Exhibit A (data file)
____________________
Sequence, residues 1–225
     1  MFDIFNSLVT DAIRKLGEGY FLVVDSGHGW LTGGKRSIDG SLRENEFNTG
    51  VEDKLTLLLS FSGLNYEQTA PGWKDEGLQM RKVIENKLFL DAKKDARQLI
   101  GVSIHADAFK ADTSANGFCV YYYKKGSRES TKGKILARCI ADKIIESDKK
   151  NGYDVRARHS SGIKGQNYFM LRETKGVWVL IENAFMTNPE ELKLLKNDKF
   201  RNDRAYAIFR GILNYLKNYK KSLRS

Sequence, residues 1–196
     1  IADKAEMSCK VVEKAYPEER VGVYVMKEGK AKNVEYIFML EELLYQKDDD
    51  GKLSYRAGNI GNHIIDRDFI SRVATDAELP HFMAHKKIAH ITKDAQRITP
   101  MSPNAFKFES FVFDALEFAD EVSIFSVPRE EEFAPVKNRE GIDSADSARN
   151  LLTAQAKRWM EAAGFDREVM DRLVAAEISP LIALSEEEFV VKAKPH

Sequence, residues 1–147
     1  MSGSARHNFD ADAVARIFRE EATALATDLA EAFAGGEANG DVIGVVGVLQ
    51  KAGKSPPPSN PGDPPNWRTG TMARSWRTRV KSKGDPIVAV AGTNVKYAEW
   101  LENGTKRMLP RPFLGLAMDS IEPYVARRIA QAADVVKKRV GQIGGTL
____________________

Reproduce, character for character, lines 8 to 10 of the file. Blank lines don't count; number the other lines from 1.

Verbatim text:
     1  IADKAEMSCK VVEKAYPEER VGVYVMKEGK AKNVEYIFML EELLYQKDDD
    51  GKLSYRAGNI GNHIIDRDFI SRVATDAELP HFMAHKKIAH ITKDAQRITP
   101  MSPNAFKFES FVFDALEFAD EVSIFSVPRE EEFAPVKNRE GIDSADSARN